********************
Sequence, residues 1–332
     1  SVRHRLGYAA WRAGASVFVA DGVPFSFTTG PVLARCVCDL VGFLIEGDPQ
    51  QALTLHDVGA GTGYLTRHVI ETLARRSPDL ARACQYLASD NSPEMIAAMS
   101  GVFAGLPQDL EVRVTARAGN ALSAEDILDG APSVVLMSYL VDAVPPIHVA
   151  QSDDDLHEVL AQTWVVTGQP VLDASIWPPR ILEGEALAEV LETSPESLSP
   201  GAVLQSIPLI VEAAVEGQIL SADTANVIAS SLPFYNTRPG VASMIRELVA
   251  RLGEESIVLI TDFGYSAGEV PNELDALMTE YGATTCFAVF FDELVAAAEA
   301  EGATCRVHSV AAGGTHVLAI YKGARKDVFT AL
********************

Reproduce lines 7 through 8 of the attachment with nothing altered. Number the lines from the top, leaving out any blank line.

   251  RLGEESIVLI TDFGYSAGEV PNELDALMTE YGATTCFAVF FDELVAAAEA
   301  EGATCRVHSV AAGGTHVLAI YKGARKDVFT AL